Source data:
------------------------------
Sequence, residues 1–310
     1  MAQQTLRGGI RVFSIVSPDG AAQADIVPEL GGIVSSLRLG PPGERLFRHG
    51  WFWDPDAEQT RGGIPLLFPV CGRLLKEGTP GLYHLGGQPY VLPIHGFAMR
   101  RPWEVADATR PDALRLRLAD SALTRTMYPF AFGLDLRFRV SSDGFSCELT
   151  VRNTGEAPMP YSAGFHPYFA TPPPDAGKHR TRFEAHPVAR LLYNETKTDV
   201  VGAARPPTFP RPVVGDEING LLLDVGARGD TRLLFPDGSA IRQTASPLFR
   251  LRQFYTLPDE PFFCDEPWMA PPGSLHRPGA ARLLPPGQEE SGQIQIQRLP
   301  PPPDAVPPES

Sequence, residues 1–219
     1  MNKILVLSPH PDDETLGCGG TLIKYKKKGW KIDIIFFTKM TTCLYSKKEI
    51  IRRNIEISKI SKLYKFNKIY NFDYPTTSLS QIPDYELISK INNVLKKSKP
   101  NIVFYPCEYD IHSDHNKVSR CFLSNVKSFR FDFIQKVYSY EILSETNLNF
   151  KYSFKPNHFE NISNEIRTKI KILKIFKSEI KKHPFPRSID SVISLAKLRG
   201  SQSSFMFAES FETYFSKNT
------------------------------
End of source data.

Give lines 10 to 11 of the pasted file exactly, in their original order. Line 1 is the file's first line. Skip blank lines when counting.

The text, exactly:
     1  MNKILVLSPH PDDETLGCGG TLIKYKKKGW KIDIIFFTKM TTCLYSKKEI
    51  IRRNIEISKI SKLYKFNKIY NFDYPTTSLS QIPDYELISK INNVLKKSKP